[00:09:36] Potatoes — originally from Peru but also really grew well in Ireland when we got them there — are another great example of this. There are literally thousands of varieties of potatoes, but we’ve limited it to basically three: red potatoes, russet potatoes, and Yukon Gold potatoes, which are the three most common varieties to find in a grocery store. Side note. Fun fact: Frederick the Great of Prussia planted potatoes because he wanted to modernize Prussia when he was king. But the natives or, I’m sorry, the natives, the peasants that he was ruling over didn’t want to eat them because they looked weird. And so, what he ended up doing is he planted a potato patch at the palace and then told the guards to like be lazy and take naps and allow people to steal them to turn them into like this dangerous luxury item. This is a great example of the state manipulating the masses in order to get them to do what they want.
[00:10:25] Okay. So let’s go back to different types of things we find at our Thanksgiving dinner that are heavily domesticated. Everybody loves a cranberry sauce, or at least I hope you do. And if you’re one of those people who’s like, it’s gotta look like the can you took it out of, yeah. I shouldn’t have to explain how domesticated and processed and industrialized that is. But if you’re like my roommate where she insists she’s gonna start with the raw cranberries and make her own sauce, which is absolutely delicious, it’s worth acknowledging that the cranberries she’s getting out of that Ocean Spray bag actually look nothing like natural cranberries. We’ve also bred those. And if you’ve ever seen pictures of the cranberry harvest where they flood the bogs — that’s right, ladies and gentle. They can’t actually get the berries out without human intervention because they’ve been bred into something that they aren’t or they’re bred into something that’s unnatural, at least.
[00:11:15] Corn is probably the most famous of the industrialized grasses. That’s right. Corn is not necessarily a tree. It’s a grass. And originally, it was called maize. Maize still exists in the world, but you wouldn’t recognize it as corn. We have selectively bred corn until it would stand nicely in a row like peons in cubicles just waiting to be harvested and have their production plucked away for somebody else’s benefit. Every time I drive past a corn field, especially when it’s knee-high by the 4th of July, I think of two things. Number one, I cannot wait to have sweet corn on the cob. And number two, what a product of industrialization that is. Corn is not viable in nature in the way that we think about it from the grocery store.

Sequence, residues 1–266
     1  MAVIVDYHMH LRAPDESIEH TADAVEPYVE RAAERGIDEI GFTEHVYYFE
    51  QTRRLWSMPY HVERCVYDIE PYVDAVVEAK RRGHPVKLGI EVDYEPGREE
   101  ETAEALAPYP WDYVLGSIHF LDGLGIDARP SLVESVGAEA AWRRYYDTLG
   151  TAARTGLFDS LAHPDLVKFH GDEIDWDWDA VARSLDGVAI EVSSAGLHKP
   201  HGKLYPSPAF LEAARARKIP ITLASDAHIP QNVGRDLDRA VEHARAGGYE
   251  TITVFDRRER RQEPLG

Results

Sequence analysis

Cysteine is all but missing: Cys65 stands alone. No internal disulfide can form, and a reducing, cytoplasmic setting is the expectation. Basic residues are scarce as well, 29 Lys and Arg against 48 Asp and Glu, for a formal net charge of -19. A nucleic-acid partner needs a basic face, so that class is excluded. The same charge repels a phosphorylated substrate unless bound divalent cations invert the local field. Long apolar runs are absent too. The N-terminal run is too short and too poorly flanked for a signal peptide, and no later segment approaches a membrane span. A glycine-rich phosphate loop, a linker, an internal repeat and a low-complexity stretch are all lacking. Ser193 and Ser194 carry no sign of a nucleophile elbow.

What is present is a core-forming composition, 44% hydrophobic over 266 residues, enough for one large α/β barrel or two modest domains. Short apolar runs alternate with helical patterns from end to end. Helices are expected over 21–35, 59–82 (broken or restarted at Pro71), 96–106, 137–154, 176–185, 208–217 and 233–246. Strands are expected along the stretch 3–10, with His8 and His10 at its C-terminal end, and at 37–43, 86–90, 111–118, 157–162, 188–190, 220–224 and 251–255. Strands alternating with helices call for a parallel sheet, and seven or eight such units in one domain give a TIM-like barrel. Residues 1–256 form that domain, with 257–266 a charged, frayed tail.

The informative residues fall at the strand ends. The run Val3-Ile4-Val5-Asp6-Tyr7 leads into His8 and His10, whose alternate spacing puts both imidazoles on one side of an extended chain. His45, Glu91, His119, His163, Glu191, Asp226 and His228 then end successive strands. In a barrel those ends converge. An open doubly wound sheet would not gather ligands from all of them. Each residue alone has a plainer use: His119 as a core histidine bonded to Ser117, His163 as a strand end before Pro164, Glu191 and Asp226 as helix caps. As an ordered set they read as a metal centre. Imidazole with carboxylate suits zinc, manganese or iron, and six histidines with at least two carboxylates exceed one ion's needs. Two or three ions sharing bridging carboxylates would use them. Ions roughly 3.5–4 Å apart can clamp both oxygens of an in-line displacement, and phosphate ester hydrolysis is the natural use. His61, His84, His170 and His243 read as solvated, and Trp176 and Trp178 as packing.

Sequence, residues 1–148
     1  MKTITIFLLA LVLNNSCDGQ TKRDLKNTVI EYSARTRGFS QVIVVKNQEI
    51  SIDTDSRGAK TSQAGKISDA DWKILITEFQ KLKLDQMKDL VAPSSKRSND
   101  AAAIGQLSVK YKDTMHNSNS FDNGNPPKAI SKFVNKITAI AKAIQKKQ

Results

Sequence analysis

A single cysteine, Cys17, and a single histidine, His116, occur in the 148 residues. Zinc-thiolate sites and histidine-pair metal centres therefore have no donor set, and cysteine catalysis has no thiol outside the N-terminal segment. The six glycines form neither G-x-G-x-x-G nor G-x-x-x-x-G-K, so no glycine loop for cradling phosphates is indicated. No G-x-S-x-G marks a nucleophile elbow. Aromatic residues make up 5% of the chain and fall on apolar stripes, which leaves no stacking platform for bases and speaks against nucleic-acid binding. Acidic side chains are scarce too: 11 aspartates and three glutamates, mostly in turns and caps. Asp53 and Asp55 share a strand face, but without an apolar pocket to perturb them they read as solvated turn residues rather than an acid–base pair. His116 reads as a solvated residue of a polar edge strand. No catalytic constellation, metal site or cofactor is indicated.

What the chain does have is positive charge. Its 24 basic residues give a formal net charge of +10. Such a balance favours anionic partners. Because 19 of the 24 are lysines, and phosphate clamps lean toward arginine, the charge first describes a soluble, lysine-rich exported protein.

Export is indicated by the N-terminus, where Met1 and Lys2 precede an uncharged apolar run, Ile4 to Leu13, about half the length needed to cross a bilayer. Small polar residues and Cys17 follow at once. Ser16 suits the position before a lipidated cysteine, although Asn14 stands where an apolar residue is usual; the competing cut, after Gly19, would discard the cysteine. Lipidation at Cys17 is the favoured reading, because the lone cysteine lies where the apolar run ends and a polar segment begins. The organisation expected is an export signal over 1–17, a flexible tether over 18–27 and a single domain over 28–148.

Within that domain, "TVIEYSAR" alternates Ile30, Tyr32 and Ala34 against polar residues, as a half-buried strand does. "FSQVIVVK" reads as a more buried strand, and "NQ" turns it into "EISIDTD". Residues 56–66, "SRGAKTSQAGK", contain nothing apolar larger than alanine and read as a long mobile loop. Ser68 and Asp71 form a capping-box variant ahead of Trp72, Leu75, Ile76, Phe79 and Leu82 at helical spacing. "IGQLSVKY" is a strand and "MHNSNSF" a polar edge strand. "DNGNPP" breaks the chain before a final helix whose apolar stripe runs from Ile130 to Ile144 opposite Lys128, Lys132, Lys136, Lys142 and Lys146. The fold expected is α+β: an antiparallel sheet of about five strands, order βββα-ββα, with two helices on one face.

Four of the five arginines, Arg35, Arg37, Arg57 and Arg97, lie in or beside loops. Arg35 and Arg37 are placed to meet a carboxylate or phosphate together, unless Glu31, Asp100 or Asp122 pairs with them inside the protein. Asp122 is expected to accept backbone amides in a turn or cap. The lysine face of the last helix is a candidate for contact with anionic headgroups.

[00:12:02] And then, of course, last but certainly not least, is apple pie. Apples are comical in terms of how domesticated and how much effort goes into continuing the domestication of an apple. Here’s the thing that a lot of people do not know about apples. Apples, when you get Granny Smith apples, say, in Kenosha, Wisconsin versus Denver, Colorado, even if they come from radically different places like Virginia and California, they are exact genetic clones of each other. Why? Because apples suffer from something called extreme heterogeneity, which means that rather than having a mommy apple tree and a daddy apple tree producing a baby apple tree that has characteristics of both, that baby apple tree fucks off and decides I’m going to be absolutely and completely and utterly different than my parents. So when we find an apple variety we like that’s palatable — because the vast majority of apples are not palatable to humans — we have to take cuttings off of that original tree, thus creating clones. And this creates a monoculture that can be destructive to entire apple crops. Without human intervention, Granny Smith apples die when the Granny Smith tree dies. Same with every single apple variety we have out there.
[00:13:26] And ladies and gentlemen, if you’re stopping and thinking about, wow, that seems crazy. Thank God it’s only apples that that happens to. Yeah, we do this with bananas, too, and just about all the rest of the fruits all at the same time. How did you think seedless grapes were a thing? I mean, they don’t have seeds and therefore, can’t reproduce. Also, the bananas you have at the store, they don’t even have seeds in them, but wild bananas have these monster seeds you can’t eat. Literally the apple tree, the banana, the corn, the cranberries, the potatoes, the turkeys have been changed over generations into monstrous forms of their ancient ancestors, so much so that they are now completely dependent on human intervention to continue to exist.
[00:14:10] Now, am I dunking on Thanksgiving and being like, “Oh my God, the food is terrible”? No, the food is incredible. Like, again, I’m grateful that I live in a time and a place of such abundance and such amazement. So you might be asking yourself then, okay, well, then why do I care? You should care because this process applies to you, dear listener, just as much as it applies to the turkeys. Just stay with me here for a second. Domestication is the adaptation of something wild for something else’s use. In this case, we always talk about domestication in terms of us humans taking something wild and turning it into something useful for us. But you could flip this on its head. Corn has adapted itself, so much so that us humans have literally destroyed entire forces and ecosystem just to clear ground so that the grass continues to grow.